Past participles can take a lot of forms in English, unfortunately, which may make them hard to spot. Words ending in -ed are common (as with “lifted”). So are -en words (“broken”). Or -t (“built”). If you’re unsure, think about the word for a moment, and see if you can stick it on a noun as an adjective and have it indicate a past action — the lifted box, the broken chair, the built house. These can sometimes also be honest-to-god verb forms, as well as participles; I can say “he lifted the box” or “we built the house.” I cannot, however, say, “she broken the chair.” Yes, English is a messed-up language.

Anyway, if you have a subject, a form of the verb “to be,” and a past participle, you have passive voice. You may or may not also include what I believe is called the agent, i.e. the thing or person doing the action; as I said above, if you can mentally supply it for the sentence (“the box was lifted [by him]”), then it’s passive voice.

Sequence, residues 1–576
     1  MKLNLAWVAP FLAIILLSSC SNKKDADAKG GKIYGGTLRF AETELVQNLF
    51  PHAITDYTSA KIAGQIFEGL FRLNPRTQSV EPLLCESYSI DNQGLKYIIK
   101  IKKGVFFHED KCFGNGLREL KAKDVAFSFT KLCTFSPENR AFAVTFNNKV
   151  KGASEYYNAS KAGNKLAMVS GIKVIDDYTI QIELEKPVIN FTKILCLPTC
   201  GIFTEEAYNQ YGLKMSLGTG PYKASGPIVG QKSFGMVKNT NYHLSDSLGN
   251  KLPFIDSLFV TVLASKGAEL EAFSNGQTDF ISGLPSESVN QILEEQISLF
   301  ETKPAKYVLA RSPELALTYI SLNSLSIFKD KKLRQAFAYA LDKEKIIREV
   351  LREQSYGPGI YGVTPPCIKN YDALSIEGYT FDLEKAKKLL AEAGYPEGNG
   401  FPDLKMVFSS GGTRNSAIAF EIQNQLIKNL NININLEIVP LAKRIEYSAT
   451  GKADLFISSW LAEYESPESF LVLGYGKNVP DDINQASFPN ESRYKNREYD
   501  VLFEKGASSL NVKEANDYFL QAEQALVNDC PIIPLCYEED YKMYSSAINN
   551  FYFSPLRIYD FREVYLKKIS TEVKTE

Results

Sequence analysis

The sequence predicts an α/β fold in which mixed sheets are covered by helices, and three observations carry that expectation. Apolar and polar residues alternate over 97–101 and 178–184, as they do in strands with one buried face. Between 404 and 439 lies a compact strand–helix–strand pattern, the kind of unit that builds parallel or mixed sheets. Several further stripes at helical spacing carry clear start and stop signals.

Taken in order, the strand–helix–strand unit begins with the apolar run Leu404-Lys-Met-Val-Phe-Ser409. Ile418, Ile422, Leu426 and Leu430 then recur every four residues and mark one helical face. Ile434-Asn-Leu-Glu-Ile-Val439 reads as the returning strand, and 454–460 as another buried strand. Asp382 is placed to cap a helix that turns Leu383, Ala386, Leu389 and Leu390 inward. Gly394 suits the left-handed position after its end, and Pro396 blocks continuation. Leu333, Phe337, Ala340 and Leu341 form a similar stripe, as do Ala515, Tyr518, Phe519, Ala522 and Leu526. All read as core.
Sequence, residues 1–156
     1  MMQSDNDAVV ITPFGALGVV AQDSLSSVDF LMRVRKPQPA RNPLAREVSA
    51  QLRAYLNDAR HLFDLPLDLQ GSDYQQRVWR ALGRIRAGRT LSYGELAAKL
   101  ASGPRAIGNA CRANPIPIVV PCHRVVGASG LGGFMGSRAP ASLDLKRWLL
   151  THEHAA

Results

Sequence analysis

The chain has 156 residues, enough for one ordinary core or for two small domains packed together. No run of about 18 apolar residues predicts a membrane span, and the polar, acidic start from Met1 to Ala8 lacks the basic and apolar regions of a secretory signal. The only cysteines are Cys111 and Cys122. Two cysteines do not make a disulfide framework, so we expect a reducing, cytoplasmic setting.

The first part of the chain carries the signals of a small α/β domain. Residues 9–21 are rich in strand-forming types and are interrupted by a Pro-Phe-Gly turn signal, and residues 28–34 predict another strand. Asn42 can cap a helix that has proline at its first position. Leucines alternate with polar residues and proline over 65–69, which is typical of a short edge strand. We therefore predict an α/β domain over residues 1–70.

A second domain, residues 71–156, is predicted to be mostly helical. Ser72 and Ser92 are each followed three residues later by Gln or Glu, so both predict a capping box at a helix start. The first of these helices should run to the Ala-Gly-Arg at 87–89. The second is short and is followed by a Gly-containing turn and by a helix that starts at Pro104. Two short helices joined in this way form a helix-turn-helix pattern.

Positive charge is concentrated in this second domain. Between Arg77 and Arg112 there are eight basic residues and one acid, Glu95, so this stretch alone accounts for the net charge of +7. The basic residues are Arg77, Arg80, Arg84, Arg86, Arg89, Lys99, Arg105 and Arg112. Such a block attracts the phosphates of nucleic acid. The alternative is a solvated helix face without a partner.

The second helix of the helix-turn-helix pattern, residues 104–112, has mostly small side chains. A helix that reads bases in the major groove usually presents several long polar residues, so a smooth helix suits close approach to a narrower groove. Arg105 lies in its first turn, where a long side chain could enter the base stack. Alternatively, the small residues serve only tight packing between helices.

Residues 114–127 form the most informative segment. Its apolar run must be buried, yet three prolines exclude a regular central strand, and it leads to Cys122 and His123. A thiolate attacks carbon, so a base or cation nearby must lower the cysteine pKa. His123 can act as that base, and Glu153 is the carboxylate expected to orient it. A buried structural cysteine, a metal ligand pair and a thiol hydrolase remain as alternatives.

Incidentally, sometimes you’ll use the past participle and it’s not passive voice. Example: “That’s the chair broken last week.” That’s not passive voice because it doesn’t have the subject-to be-participle construction. “Broken,” in that phrase, is just an adjective modifying “chair.” There’s nothing wrong with this kind of sentence; if we didn’t use past participles that way, we’d be much more restricted in how we could say things.

 

Why Passive Voice Is Bad . . .

Passive voice, quite simply, deadens prose. I can’t quite explain why, without resorting to vague psychological mumblings about how nobody’s doing anything in any of the sentences, but it’s true; just try reading some academic writing and you’ll see. Academics are HORRIBLE abusers of the passive voice, because people have somehow gotten it into their heads that Passive Voice Is Weighty, and so it makes their ideas sound like they Mean Something.